University Graduates Have Median Pay of At Least $2K More Than Non-Degree Holders
If you can recall, we’ve recently published the latest salary guide for fresh graduates.
Today, a survey found that university graduates in their 20s and 30s are earning more than double those with secondary and lower education, as well as those from the Institute of Technical Education.
To be exact, we’re talking about the median salary, which is $4,200 per month.
We’re not talking about starting salary, but the median salary i.e. the income in the middle after the workers are ranked by their income.
This figure is also 62 per cent higher than the median salary of diploma or A-level qualification holders, at $2,600.
If you’re thinking of pursuing a degree after working in the field for a while or this is part of your plan to upskill, this might be a signal…
TL;DR: Research Found Significant Earning Gaps Between Degree Holders & Those Without
In summary, the study’s first set of findings revealed:
- There is an existing group of “young working poor”
- Working conditions and opportunities:
- 35% of low-wage workers suffered job disruptions or quit during the COVID-19 pandemic, and 19% experienced an income loss
- 75% of low-wage workers did not work remotely at all. compared to 41% of those with higher wages
- 10% of the respondents have more than one job
- Of those with higher wages, 21% suffered job disruptions while 4% saw an income loss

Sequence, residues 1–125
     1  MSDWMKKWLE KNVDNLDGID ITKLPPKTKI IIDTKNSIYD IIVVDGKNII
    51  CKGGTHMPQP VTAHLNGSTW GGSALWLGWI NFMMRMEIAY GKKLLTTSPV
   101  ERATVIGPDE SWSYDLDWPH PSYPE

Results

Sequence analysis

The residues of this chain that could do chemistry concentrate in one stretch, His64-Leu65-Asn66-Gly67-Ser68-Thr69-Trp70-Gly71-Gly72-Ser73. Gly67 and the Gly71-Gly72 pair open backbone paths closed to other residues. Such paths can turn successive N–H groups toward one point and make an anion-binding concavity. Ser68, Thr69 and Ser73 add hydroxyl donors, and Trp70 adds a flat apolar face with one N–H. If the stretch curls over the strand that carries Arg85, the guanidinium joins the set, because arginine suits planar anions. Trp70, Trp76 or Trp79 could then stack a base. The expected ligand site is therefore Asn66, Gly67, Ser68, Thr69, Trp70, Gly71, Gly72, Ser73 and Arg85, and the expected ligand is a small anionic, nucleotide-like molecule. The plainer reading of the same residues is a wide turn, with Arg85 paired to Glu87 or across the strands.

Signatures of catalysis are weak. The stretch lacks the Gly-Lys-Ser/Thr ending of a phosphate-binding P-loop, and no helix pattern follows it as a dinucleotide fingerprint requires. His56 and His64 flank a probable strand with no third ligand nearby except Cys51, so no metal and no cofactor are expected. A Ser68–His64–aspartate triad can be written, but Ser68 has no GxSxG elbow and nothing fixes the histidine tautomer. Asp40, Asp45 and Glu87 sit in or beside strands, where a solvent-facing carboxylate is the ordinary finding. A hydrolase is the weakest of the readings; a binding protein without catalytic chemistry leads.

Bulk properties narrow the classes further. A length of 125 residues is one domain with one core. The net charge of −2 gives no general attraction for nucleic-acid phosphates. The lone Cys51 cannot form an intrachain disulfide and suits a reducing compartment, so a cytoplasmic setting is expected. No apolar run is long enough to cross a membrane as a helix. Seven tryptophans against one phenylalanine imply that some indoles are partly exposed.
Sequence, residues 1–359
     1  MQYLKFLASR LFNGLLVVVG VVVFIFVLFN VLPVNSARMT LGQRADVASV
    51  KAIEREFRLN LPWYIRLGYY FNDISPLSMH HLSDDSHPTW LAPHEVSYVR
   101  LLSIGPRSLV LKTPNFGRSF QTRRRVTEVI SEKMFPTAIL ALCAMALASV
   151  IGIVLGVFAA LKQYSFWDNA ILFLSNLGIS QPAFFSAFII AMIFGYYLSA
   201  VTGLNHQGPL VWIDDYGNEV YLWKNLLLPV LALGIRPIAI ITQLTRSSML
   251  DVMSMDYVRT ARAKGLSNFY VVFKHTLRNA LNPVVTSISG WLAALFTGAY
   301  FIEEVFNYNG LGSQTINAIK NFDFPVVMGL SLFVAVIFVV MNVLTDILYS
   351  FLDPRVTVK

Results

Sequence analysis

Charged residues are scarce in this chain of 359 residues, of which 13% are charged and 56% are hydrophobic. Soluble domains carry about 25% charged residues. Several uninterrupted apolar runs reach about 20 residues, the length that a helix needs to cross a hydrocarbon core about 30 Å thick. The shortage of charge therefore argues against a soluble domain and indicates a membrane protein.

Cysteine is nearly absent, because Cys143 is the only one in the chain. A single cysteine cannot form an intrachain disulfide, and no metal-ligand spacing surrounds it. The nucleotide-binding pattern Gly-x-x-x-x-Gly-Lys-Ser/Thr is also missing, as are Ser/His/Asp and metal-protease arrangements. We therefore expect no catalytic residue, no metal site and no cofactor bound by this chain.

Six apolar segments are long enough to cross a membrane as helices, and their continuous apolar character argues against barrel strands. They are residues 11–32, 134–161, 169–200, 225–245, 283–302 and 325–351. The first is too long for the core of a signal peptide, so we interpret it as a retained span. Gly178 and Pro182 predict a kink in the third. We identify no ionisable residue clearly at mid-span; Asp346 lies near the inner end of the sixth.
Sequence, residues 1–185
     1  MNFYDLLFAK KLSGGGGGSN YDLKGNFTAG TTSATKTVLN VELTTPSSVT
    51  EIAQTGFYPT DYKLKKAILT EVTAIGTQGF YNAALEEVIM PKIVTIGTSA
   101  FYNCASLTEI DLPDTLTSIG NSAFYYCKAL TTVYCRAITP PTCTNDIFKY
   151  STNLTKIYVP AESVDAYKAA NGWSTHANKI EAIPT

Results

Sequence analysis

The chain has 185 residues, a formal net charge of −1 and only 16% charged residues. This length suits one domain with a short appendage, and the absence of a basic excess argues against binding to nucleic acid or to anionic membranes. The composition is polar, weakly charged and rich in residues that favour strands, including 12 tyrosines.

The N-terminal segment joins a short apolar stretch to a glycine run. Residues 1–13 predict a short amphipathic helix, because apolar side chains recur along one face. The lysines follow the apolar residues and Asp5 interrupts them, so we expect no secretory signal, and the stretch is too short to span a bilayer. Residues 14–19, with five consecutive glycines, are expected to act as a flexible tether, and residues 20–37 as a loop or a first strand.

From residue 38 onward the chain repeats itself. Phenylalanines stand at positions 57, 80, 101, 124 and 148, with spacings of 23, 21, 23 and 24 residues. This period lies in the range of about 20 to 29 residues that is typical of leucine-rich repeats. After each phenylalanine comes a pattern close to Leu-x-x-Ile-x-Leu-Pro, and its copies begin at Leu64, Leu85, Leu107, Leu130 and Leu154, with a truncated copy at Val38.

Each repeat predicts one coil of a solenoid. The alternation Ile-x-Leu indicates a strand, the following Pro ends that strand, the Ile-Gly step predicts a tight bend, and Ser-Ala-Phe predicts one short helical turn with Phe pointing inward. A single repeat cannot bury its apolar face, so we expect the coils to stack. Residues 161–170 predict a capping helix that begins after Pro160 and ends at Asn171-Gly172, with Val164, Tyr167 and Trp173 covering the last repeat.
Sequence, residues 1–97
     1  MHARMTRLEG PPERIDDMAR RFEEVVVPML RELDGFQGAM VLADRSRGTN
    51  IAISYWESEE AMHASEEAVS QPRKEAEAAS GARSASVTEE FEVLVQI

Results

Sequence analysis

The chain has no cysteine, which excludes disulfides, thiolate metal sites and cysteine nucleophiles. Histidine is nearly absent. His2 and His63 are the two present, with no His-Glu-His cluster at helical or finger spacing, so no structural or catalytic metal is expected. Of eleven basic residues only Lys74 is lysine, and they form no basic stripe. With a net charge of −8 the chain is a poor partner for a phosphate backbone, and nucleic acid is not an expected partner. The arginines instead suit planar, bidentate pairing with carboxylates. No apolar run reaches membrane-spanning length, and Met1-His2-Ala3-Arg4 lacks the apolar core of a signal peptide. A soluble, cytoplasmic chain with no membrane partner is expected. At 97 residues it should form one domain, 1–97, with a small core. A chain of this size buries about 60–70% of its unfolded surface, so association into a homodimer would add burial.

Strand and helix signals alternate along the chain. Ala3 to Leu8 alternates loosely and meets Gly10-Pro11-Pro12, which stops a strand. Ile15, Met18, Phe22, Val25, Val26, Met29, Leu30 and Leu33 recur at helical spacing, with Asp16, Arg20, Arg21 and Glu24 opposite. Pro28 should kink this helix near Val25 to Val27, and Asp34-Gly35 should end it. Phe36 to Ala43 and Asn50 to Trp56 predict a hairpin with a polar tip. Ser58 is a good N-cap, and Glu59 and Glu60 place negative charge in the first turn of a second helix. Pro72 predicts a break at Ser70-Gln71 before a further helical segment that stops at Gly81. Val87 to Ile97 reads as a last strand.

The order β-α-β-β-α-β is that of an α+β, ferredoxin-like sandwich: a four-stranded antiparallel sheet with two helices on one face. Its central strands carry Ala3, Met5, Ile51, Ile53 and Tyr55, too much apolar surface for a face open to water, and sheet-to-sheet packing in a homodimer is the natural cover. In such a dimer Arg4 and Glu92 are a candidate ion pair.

- Those who are better educated are given opportunities and experience more job security
- Mental health: More low-wage workers have symptoms of anxiety, such as having trouble sleeping or being particularly irritable, compared with those earning higher wages.
Disclaimer: The research is still ongoing and we will update this article in due course.
Research on Young Working Adults in Singapore
Here’s some background, the research was led by Associate Professor Irene Ng of the Social Work Department at the National University of Singapore, alongside 18 other researchers.
This is the first nationally representative research on the young working poor in Singapore.
To put things into context, 1,905 Singaporeans between the age of 21 and 38 years old and living in four-room or smaller Housing Development Board (HDB) flats were interviewed about the challenges they faced at work, among other things.
Before we move on, you will need to understand the definition of “low wage” and “higher wage”.
According to the Ministry of Manpower, low-wage workers refer to those in the bottom 20th percentile of wage earnings, which was $2,492 in June 2022; Higher-wage workers refer to everyone earning above the 20th percentile.
The research’s wave 1 report indicated the following median salaries between educational qualifications:
Jobs Held By Young Working Adults
Similarly, the top five common jobs by the highest educational qualification (in descending order):
|Top 5 job in descending order||Secondary and|
|1||Delivery riders||Technicians||Administrative and general|
|2||Administrative assistants and clerks||Delivery riders||Call centre agents and customer service officers||Administrative and general